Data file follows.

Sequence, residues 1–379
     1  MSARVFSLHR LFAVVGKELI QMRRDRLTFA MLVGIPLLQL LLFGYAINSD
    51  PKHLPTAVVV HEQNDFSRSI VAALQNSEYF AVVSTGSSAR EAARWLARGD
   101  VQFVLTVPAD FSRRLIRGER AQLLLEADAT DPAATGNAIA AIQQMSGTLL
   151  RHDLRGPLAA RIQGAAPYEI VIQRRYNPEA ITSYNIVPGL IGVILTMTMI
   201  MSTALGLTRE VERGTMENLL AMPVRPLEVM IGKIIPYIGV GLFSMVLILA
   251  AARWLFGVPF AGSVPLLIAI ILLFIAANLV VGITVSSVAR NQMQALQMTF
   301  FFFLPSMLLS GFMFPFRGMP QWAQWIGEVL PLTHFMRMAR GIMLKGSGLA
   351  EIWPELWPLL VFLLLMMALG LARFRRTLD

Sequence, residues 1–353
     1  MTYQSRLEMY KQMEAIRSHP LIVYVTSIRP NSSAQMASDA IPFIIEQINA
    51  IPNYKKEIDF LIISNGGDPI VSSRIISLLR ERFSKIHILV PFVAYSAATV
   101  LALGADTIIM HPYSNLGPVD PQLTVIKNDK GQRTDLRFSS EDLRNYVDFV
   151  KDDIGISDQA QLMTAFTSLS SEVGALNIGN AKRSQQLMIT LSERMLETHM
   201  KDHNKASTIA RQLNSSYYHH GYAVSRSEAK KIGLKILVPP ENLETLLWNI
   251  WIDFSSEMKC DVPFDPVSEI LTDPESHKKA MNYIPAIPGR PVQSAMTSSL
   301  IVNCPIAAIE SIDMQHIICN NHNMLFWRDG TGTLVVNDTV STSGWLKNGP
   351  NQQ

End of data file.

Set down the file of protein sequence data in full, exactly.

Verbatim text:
Sequence, residues 1–379
     1  MSARVFSLHR LFAVVGKELI QMRRDRLTFA MLVGIPLLQL LLFGYAINSD
    51  PKHLPTAVVV HEQNDFSRSI VAALQNSEYF AVVSTGSSAR EAARWLARGD
   101  VQFVLTVPAD FSRRLIRGER AQLLLEADAT DPAATGNAIA AIQQMSGTLL
   151  RHDLRGPLAA RIQGAAPYEI VIQRRYNPEA ITSYNIVPGL IGVILTMTMI
   201  MSTALGLTRE VERGTMENLL AMPVRPLEVM IGKIIPYIGV GLFSMVLILA
   251  AARWLFGVPF AGSVPLLIAI ILLFIAANLV VGITVSSVAR NQMQALQMTF
   301  FFFLPSMLLS GFMFPFRGMP QWAQWIGEVL PLTHFMRMAR GIMLKGSGLA
   351  EIWPELWPLL VFLLLMMALG LARFRRTLD

Sequence, residues 1–353
     1  MTYQSRLEMY KQMEAIRSHP LIVYVTSIRP NSSAQMASDA IPFIIEQINA
    51  IPNYKKEIDF LIISNGGDPI VSSRIISLLR ERFSKIHILV PFVAYSAATV
   101  LALGADTIIM HPYSNLGPVD PQLTVIKNDK GQRTDLRFSS EDLRNYVDFV
   151  KDDIGISDQA QLMTAFTSLS SEVGALNIGN AKRSQQLMIT LSERMLETHM
   201  KDHNKASTIA RQLNSSYYHH GYAVSRSEAK KIGLKILVPP ENLETLLWNI
   251  WIDFSSEMKC DVPFDPVSEI LTDPESHKKA MNYIPAIPGR PVQSAMTSSL
   301  IVNCPIAAIE SIDMQHIICN NHNMLFWRDG TGTLVVNDTV STSGWLKNGP
   351  NQQ